Again, this is not to criticize Teeter, who is probably trying to help, but to point out yet again how most post-modern wine writing has little to do with the average consumer. It’s as if they’re writing a movie review that discusses camera angles and editing techniques instead of the plot, and then getting angry when someone asks them what the movie is about.

And what’s worse is that they call those of us — who want to write intelligently and clearly, who want to educate wine drinkers and not preach to them — a variety of not very nice names. I’m not going to link to them, because it’s not worth the aggravation and the Internet sniping that will ensue. But two prominent California wine writers have recently questioned whether people like me are competent to write about wine. Our sin? That we try to make it less intimidating and confusing, when real wine writers know wine is supposed to be intimidating and confusing. Otherwise, one of them wrote, what’s the point of learning about it?

How wonderfully self-absorbed and insensitive to the world around them they must be. Does this mean that we can’t enjoy wine unless we enjoy it exactly as they want us to? Nuts to that, and pass me some of that $10 Gascon white I like so much — the one that’s fruity.

Image courtesy of Westword.com, using a Creative Commons license

Texas wine at the crossroads, one year later

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Texas wineAnd, apparently, not much has changed with Texas wine a year after I wrote: “Has Texas wine reached a plateau, where quality isn’t going to get any better given the state’s resources and climate? Or is something else going on?”

That was my conclusion after a couple of days tasting wine and moderating a Texas wine panel in the Hill Country last week. The day before I left, a Texas winemaker (who has told me I’m an idiot) took to the Internet to criticize almost everyone else who disagreed with him. During my visit, a winery owner told me I knew nothing about wine, Texas wine, and the ugni blanc grape, my Gascon favorite that is starting to be grown in Texas. And the wine during those couple of days? Mostly, and sadly, ordinary. At worst, it brought back memories of the bad old days in the late 1990s.

What’s going on? Why is this happening? Much of it has to do with the state’s wine success over the past decade — more wineries, better quality, and increased recognition here and elsewhere as part of the local wine movement. There are more wineries making better wine than ever before, using the grapes best-suited for the state’s terroir, and it’s easier to buy quality Texas wine than it has ever been — even grocery stores sell it.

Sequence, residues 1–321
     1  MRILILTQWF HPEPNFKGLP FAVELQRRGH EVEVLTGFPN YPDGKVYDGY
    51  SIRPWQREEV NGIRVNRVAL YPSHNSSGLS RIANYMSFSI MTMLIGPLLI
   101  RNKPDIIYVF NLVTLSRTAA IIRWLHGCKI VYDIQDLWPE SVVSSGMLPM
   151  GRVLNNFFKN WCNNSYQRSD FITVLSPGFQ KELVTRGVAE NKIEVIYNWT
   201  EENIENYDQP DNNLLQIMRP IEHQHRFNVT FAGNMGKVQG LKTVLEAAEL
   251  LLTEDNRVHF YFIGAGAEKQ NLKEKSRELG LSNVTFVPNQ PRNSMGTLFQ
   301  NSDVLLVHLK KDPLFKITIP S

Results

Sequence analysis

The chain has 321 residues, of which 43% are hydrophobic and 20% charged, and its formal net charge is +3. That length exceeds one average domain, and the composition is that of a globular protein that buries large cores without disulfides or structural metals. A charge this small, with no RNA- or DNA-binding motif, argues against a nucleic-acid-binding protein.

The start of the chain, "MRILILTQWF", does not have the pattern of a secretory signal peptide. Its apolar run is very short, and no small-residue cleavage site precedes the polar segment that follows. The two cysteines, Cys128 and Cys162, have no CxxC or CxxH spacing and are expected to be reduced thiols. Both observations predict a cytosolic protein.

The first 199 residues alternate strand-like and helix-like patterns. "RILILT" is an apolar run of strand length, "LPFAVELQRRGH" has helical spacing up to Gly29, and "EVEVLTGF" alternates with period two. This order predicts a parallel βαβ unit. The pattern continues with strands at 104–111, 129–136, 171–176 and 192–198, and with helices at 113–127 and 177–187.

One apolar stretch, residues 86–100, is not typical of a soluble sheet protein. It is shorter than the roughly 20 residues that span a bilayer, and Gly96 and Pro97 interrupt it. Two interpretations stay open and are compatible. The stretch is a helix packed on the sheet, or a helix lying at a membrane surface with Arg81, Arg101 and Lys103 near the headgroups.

But that success has led to other, less welcome, developments: First, people getting into the wine business not because they particularly care about wine, but because it’s a successful business and they don’t understand that wine is more than a business. Second, as the Texas wine business has changed, not everyone has changed with it, and many of those people are bitter and angry about the changes.

U.S. Hwy. 290 in the Hill Country had a couple of wineries when I started writing about Texas wine some 20 years ago. There are more than a dozen today, and applications for almost two dozen more. Ignoring for the moment whether there is enough business to support that many, we can’t ignore that there aren’t enough grapes. As Houston wine writer Ron Saikowski pointed out during the seminar at Boot Ranch, there are about 8,000 acres of grapes in Texas. We need 40,000 acres to meet the demand, which means we use all the grapes grown here, regardless of quality, and make up the difference with imports, mostly from California and Washington state, and also of varying quality. The irony? As Texas wine becomes more successful, and we get more wineries, the grape shortage becomes more acute.

Which is not to say there isn’t good news. The new vintage of Becker’s Provencal rose ($17, sample, 12%) may be the best ever, and it’s usually one of the best roses in the state (and which says something about how professional wineries can make quality wine). Consumers are more knowledgeable, and so are the people who follow Texas wine. The writers on the panel — Saikowski, John Griffin of SavorSA, and Austin’s Matt McGinnis — know their stuff, and are more than capable of tracking the changes in the business and holding producers accountable. And they’re far from the only ones, also much different from the early days when there were just a couple of us.

Because, frankly, this version of Texas wine has worn me out, and it’s why I’m not judging the Lone Star competition this year. I’ve done it every year but one since they invited me 10 years ago, but I don’t see the point this time. Too many Texas producers don’t want honest criticism; they want gold medals and parades in the street, because they know how much better they are than everyone else. That’s not the way I do business, and anyone who is honest with themselves shouldn’t, either.